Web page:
The swine at MGM will turn the life of Gonzo Godfather Hunter S. Thompson into TV swill. Drink deep, it's good for you.
When times get weird, the weird turn pro, Hunter S. Thompson once wrote. It’s been 13 years since the father of Gonzo journalism acted his old age and put a bullet in his head, ending the games, the fun, the walking and the swimming. Since then, times have gotten weirder than any hallucinogenic chemical fantasia might have imagined. There’s an orange man in the White House and Ku Klux Klansmen have taken off their masks. It’s time for an authorized, televised Hunter S. Thompson biography to tell the story. There are no details on what it will be, but it will be directed by Davey Homes, who runs the TV adaptation of Elmore Leonard's 1990 novel Get Shorty, and written by Bob Nelson, who wrote screenplays for The Confirmation and Nebraska. The Thompson biography project is being produced by MGM Television.
"Davey is tremendously talented and has demonstrated that he can deliver quality programming that will resonate with viewers," MGM Television Group president Mark Burnett said in a statement. “As we look to the future of MGM Television, it is imperative that we forge long-term relationships with creators who have an eye for dynamic storytelling.”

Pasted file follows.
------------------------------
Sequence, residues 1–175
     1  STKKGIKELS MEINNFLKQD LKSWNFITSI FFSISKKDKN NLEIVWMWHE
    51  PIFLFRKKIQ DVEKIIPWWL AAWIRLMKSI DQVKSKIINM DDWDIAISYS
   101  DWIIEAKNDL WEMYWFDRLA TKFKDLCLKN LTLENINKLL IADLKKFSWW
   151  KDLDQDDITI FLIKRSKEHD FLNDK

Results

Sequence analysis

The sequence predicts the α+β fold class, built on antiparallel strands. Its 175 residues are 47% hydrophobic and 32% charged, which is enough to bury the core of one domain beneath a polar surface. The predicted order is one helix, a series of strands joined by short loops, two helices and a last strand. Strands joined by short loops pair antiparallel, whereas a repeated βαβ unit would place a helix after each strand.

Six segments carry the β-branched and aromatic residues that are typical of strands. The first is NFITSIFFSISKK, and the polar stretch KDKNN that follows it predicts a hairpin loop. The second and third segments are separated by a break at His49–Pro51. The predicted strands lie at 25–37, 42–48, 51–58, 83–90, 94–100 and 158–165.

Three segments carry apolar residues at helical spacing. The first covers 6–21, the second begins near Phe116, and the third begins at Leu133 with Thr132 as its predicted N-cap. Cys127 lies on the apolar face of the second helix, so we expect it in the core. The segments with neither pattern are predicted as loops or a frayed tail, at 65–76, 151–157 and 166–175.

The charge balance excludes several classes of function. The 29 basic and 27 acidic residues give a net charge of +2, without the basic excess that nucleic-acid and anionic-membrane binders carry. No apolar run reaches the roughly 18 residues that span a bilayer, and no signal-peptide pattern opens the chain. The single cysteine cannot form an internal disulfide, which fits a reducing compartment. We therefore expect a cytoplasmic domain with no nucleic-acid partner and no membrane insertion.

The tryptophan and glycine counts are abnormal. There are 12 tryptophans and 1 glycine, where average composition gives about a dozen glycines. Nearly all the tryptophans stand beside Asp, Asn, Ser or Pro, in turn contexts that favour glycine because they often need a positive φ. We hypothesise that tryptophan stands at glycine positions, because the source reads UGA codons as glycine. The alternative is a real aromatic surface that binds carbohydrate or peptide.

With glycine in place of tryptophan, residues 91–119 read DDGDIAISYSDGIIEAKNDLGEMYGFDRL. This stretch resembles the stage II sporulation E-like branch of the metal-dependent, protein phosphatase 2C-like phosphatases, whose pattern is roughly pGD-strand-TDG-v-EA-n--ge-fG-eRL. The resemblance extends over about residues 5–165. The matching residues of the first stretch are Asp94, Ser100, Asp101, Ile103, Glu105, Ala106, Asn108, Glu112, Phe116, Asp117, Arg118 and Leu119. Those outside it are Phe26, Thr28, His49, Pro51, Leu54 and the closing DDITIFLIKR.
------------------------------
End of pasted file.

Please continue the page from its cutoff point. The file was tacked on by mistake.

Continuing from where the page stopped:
Thompson story was certainly dynamic. He had guns that had the firepower of dynamite, as did his words. He started writing while he was in the Air Force. He got fired from a lot of his jobs for insubordination until he found kindred spirits in the gang he lived with to write his book Hell’s Angels: A Strange and Terrible Saga. He might be best known for the book Fear and Loathing in Las Vegas, which Terry Gilliam turned into a movie starring Johnny Depp. But from his taunting of Jack Nicholson, his run for sheriff of Aspen, Colorado and his renowned constitution for all things imbibable, his writings might be the least of what the series will focus on.